“Hang in there” are the words of encouragement San Juan Island School District Superintendent Fred Woods and Special Services Director Becky Bell gave to the community in a statement made recently.
The pandemic and subsequent stay-at-home orders brought unique challenges to the school district, according to Bell and Woods.
“We all became immediately dependent on technology,” the pair told the Journal.
School staff recognized everyone was learning how online classes would affect the student’s programs, Bell and Woods explained. Parents have worked hard to communicate their concerns with the district, they added. Some teachers have yet to meet their students face-to-face this school year, which has made teaching more difficult.
”The children are so excited to come back to school on [Jan.] 19, and to be with their classmates and meet their teachers,” Friday Harbor Elementary School Principal Casper Van Haalen said. “Some of whom, they have not met in person.”
Though students have not lined up to catch school buses every day, there is still a lot going on that the public doesn’t see, Bell said.
Decisions to reopen are based on the latest educational directives released on Dec. 16, 2020, and on Gov. Jay Inslee’s Road Map to Recovery, Woods and Bell explained. This means that schools will be reopening for in-person education based on the status of the pandemic in the county’s region.
“Currently, that regional number is trending around 350 out of 100,000 [residents infected] which, according to the governor’s reopening plan, places us in the high-risk category,” Bell and Woods said.
Bell added, “Our children are so precious to the whole community.”
Bell described what it is like when young children come to the district office for services because Head Start is closed.
“People come from all over the building to see these precious little children that we haven’t seen for so long because of COVID,” Bell said. “You can see how much the people in the community care about children, even people who have no children of their own.”
Bell and Woods explained that the school board evaluates the recommendations from local health officials and the current recommendation was to open for kindergarten through second-grade again on Jan. 19. The school is prepared to open to the remaining grades once it is determined to be safe to do so, they added.
In preparation for the reopening, each grade in the elementary school has two teachers, and they have the classes split so that half of the classes are online in the morning and the other half is in the afternoon, according to Van Haalen. He explained the children who are not in class will come to the school, line up, go through a simple screening process, and go to their classes with desks spread 7 feet apart.
Van Haalen added that the school has gone through training to meet all of the details of the requirements to be in compliance with the mandates from the state and county health departments.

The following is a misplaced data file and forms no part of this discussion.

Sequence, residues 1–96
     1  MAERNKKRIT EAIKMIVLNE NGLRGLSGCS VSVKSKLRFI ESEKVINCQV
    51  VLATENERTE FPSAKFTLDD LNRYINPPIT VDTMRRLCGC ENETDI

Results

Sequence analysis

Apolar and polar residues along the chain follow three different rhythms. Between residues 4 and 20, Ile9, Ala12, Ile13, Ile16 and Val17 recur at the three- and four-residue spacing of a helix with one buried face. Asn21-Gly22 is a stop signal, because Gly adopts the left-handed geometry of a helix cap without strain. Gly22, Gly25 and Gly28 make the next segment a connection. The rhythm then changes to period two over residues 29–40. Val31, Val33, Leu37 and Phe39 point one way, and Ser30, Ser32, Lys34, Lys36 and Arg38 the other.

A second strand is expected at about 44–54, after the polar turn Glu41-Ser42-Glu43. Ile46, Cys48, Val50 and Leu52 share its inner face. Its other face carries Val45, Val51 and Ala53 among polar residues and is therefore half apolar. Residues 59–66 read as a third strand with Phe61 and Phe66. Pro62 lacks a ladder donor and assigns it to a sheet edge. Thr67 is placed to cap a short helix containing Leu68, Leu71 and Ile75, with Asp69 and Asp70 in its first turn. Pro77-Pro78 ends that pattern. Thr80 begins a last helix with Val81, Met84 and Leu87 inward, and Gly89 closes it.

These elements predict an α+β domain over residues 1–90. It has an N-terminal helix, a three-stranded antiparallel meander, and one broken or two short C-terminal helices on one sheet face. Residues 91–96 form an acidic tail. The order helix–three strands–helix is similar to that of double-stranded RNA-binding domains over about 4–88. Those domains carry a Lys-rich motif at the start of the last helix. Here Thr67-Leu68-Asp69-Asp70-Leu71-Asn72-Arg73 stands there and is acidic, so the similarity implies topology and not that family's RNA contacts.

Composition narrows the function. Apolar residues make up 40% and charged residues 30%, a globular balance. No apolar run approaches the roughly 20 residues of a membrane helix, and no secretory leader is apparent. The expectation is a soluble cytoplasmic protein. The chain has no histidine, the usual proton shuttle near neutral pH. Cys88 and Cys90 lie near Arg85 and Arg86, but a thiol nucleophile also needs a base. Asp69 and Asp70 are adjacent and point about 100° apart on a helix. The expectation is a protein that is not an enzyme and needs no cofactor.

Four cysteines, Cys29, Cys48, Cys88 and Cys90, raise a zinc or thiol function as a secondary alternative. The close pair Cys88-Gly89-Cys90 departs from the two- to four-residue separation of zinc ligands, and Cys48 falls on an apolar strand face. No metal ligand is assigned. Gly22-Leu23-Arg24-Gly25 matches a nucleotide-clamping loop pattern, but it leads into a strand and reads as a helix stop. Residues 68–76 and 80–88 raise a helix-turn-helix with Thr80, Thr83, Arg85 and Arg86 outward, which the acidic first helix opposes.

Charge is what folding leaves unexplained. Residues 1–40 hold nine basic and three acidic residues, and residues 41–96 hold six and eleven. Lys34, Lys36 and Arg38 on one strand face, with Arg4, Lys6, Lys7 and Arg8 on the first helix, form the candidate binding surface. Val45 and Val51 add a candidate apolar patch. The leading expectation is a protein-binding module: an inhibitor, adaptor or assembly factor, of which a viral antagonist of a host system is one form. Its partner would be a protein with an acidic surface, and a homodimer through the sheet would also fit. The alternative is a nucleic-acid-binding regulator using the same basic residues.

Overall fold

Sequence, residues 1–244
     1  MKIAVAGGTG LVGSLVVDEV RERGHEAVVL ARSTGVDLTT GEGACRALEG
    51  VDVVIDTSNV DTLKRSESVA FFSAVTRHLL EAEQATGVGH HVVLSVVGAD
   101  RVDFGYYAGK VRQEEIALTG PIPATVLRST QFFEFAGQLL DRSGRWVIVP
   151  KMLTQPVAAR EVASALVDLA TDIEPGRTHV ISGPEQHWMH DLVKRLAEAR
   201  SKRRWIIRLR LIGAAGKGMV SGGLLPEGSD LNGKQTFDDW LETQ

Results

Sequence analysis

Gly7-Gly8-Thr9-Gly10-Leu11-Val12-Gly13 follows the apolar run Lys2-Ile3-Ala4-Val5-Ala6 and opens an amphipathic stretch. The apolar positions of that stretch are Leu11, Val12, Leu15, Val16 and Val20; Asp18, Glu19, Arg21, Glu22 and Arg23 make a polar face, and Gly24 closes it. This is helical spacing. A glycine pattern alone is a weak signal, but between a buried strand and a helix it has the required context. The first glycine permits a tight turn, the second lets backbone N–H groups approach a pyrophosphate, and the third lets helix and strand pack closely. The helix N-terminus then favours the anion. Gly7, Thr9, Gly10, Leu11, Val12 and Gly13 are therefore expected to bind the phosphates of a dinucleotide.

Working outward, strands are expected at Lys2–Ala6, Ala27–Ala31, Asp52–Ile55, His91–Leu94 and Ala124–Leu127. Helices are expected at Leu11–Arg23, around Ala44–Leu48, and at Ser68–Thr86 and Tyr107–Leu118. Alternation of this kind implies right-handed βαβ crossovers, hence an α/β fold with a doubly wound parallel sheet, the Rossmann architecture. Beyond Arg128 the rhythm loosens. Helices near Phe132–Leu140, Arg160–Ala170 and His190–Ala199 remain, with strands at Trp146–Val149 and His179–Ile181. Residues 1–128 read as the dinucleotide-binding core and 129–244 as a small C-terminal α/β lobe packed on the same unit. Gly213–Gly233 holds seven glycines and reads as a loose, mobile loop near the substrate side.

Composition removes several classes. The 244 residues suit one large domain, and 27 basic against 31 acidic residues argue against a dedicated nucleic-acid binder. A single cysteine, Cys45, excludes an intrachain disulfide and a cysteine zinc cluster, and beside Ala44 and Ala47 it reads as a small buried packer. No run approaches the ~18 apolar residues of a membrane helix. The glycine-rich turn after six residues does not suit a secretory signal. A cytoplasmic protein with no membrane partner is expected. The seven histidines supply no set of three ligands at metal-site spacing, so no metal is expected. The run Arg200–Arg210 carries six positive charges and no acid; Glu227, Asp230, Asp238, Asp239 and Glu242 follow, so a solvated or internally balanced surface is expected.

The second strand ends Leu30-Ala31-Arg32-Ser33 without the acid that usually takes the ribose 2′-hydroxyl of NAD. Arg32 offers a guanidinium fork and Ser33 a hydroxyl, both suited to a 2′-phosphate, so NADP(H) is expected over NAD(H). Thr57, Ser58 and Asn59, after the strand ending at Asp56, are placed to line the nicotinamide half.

In order to meet the needs of the children and families, as well as staff and teachers, due to COVID restrictions, many changes have been made in the school district. However, according to Bell and Woods, the district’s mission has not changed.
“The mission is to promote excellence through high expectations, superior instruction and academic content that is challenging and relevant; and to engage every student every day,” Bell and Woods said. “There was no norm for the impacts of moving an entire organization and the students within the organization to a completely different methodology of learning within a few weeks.”
Van Haalen gave Woods kudos for being quick to transition the district to online classes.
“Many schools just shut down,” Van Haalen said. “But Woods quickly transitioned to a hybrid class model that kept the momentum going.”
According to Bell and Woods, remote learning created particular challenges for students with disabilities; who were English language learners; affected by poverty or homelessness; or who have unique health conditions. They explained how the stay home orders affected the special services department who developed on-campus opportunities to increase learning and target students with unique needs.
“SJISD special services became a leader among districts offering what many others were unable to,” Woods and Bell said, adding that the district has a “counselor consortium” to help students and parents alike.
Bell and Woods highlighted the “can-do spirit” of the entire school community.
“We are proud of our successes,” Bell and Woods said. “It comes from the heart and the students are the reason we all entered, and stay in this profession.”
Bell explained how well the younger children have adapted to these new changes, adding that 3-year-olds have come into the district office wearing masks with Mickey Mouse or car and truck motifs
“They are so proud of wearing them and seem to have no problem,” Bell said. “For them, this is the way it has been one-third of their life.”
Bell and Woods stated that they want parents to know that their child’s public school is there for them. They added that parents are welcomed to reach out to the school’s staff for assistance.
“We are an amazing school because you are great, and your children are doing hard work. We are a leader among schools in the state and our programs offer many opportunities. But to serve you, we need to keep hearing from you,” Bell and Woods said. “Thank you for your work at home to keep your children moving forward in their education. Please take care, be well, and remember the African proverb, ‘If you want to go fast, go alone, but if you want to go far, go together.’ We can go far if we do this together.”